Reflecting on 2022, it was a busy and challenging year for non-profit organizations. Wars and grassroots protests captivated public attention. A mounting climate crisis continued to generate alarming headlines. Economic inflation threatened the industrialized world. This meant that would-be supporters had to seriously evaluate their bottom lines and time commitments more than ever.

Heading into 2023, it looks like another difficult year for charities and other non-profit organizations. The current global cost-of-living crisis shows no signs of slowing down. The ongoing war in Ukraine and the lingering effects of COVID-19 continue to cast a shadow. The need for strong non-profits has never been higher, from poverty relief to a global transition to green energy.

Unique Challenges for Charities 

In a sense, non-profits are not all that different from for-profit enterprises. Their supporters are just as valuable as customers are to a business. Non-profits, though, have an added challenge. While businesses sell tangible products and services that the customer can interact with, charities are selling intangibles or tangibles given to someone else in need. It’s harder to sell an altruistic feeling than the latest cell phone.

Now, non-profits need to be even more clever and nimble with limited resources. A recent article in Charity Village asserts that in the current social and economic climate, successful non-profits will be the ones championing flexible giving options (e.g. online giving) while maximizing donor and volunteer retention, ensuring stable revenue through recurring (e.g. monthly) giving programs.

Among the statistics the article cites are:

  • Nearly half of donors over the age of 60 now give online
  • Nonprofit text messaging audiences grew by 26%
  • 60% of millennials show interest in monthly online giving; 45% have already done so
  • Roughly 70% of donors only give to an organization once, which means a net loss to non-profits bearing to the cost of donor acquisition

The successful non-profit in 2023 will be able to through the noise, communicate its message clearly and enable donors and volunteers to donate or participate hassle-free. 

What Makes an Outstanding Non-profit Site?

Would-be supporters want to know that their time and money is making a real impact. Non-profit websites have a high-stakes job to demonstrate that impact and make it easy to navigate, donate and volunteer. 

Our top 10 sites are an eclectic mix, each a leader in their own field.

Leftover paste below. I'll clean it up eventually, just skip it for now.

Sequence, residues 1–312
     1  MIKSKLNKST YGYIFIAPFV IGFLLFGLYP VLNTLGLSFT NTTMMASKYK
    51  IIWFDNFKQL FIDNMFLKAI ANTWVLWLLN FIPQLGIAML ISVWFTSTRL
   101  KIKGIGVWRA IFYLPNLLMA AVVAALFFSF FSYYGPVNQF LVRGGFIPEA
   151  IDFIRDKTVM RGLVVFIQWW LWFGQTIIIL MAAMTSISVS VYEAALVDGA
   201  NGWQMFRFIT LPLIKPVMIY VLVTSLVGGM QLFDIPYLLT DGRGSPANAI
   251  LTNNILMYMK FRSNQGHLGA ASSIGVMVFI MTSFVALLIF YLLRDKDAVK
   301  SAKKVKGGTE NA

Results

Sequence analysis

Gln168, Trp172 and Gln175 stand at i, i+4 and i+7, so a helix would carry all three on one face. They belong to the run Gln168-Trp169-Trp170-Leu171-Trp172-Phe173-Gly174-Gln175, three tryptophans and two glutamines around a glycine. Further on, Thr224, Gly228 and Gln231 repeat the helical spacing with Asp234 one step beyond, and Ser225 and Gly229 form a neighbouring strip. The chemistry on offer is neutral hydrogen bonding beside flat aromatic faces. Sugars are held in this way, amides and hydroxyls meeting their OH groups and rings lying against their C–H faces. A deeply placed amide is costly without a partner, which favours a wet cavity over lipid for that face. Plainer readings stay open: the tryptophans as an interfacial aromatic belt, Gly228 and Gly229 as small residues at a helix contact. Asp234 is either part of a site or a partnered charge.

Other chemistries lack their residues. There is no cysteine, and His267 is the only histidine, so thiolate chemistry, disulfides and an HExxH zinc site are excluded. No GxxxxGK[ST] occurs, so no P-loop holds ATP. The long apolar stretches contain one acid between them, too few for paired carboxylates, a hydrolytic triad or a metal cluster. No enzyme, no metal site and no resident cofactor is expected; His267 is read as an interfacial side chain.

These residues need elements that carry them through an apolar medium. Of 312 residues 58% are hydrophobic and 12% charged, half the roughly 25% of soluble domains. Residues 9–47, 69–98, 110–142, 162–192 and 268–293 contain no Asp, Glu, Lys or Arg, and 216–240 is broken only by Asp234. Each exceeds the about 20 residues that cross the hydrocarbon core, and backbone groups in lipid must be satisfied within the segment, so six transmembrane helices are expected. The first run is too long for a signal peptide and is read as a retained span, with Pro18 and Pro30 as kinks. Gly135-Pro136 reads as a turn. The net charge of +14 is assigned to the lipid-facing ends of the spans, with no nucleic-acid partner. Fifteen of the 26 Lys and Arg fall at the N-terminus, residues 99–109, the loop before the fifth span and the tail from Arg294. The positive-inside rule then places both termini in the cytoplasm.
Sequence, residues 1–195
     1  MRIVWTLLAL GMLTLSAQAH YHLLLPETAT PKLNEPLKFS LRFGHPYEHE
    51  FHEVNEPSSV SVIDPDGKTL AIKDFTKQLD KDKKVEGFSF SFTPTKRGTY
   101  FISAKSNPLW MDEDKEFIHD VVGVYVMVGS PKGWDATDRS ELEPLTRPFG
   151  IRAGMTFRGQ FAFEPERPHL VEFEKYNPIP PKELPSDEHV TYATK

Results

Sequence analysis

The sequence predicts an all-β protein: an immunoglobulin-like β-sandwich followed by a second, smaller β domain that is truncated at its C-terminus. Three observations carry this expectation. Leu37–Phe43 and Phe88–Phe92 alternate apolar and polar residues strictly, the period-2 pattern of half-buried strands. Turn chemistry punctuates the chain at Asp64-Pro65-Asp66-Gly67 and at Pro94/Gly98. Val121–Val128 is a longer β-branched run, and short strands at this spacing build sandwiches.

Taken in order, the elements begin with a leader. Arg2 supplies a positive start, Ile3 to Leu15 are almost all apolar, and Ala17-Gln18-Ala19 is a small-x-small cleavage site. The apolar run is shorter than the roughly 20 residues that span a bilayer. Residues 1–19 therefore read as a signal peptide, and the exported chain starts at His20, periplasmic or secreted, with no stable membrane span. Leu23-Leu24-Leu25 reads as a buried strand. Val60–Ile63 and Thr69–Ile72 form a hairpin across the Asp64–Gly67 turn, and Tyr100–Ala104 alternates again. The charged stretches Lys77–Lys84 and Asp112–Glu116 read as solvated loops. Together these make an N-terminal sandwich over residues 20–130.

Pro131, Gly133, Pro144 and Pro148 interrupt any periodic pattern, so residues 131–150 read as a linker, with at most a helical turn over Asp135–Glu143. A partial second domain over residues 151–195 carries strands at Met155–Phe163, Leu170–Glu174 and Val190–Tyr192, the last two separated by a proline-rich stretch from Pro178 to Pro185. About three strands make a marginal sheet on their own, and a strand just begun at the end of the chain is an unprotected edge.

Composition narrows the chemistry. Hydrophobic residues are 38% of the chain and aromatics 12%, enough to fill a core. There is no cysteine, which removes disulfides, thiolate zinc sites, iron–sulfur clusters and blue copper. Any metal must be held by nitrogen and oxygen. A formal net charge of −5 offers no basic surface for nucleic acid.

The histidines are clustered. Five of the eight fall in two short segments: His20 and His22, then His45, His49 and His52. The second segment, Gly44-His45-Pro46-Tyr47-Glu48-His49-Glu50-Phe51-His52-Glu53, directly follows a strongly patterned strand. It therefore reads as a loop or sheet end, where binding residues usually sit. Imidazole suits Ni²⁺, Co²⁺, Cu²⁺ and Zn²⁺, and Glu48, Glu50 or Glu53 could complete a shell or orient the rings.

What unites them

  • A strong, unifying brand identity
  • Effective use of storytelling
  • Clear explanations of how the organizations function and make their impact
  • Hope over doom-and-gloom
  • Clear calls-to-action (CTA’s) throughout, with multiple and easy-to-click access through which to contribute money and/or time
  • Strong multi-channel approaches with multiple social media platforms
  • Personal touches, like photographs and stories 

1. Only One

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It’s easy to feel disoriented and powerless when it comes to the world’s innumerable overlapping environmental and climate crises. The science behind it is hard to grasp, the headlines are usually apocalyptic and the forces at work can seem too formidable for any one person to make a meaningful difference.

Only One is an outlier in this space. Founded in 2019 by Sea Legacy and the Blue Sphere Foundation, this site aims to amplify stories that inspire action to protect the ocean, the planet and those disproportionately affected by climate change. It invites site visitors to choose from a range of bite-sized but meaningful donation plans to improve the health of the world’s oceans and environment as a whole, from planting coral and trees to removing plastic and reducing carbon.

Standout features:

  • Friendly, illustrative, modern and professional design
  • Compelling use of photos - its founders are renowned nature photographers
  • Positive storytelling, no doom-and-gloom messaging
  • Easy-to-sign petitions with forms that remember your name to make signing easier
  • A subscription-based donation page that enables donors to select a cause meaningful to them at an appropriate level of financial commitment

Only One is also a great example of a multichannel strategy in action. They have a powerful Instagram presence, and supporters are able to sign petitions via social media. 


2. Charity: Water

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Charity: Water is an organization bringing clean, safe water to people around the world. Founded in 2006, the organization currently operates in 29 countries and has funded 111,796 water projects (as of December 2022), directly impacting the lives of over 15 million people – primarily in South Asia and Sub-Saharan Africa. It works with local organizations to implement projects as well as monitor and maintain them, ensuring long-term sustainability.

Charity: Water demonstrates textbook examples of the many of the elements that go into a good nonprofit website: consistent branding, clear calls-to-action, visible links, clear messaging around its mission and a hopeful tone.

Standout features: 

  • Beautiful design featuring beautiful regional and human-centred photography 
  • Engaging storytelling highlighting beneficiaries’ voices
  • Superb copywriting with strong, active language and straightforward messaging
  • A user-friendly donation module on the homepage, enabling both one-time and monthly donations, up to and including sponsoring an entire water project

Charity: Water is also active on social media, with a particularly engaging YouTube channel. It features footage of water projects in action and interviews with organization leaders and members.


3. Girls Who Code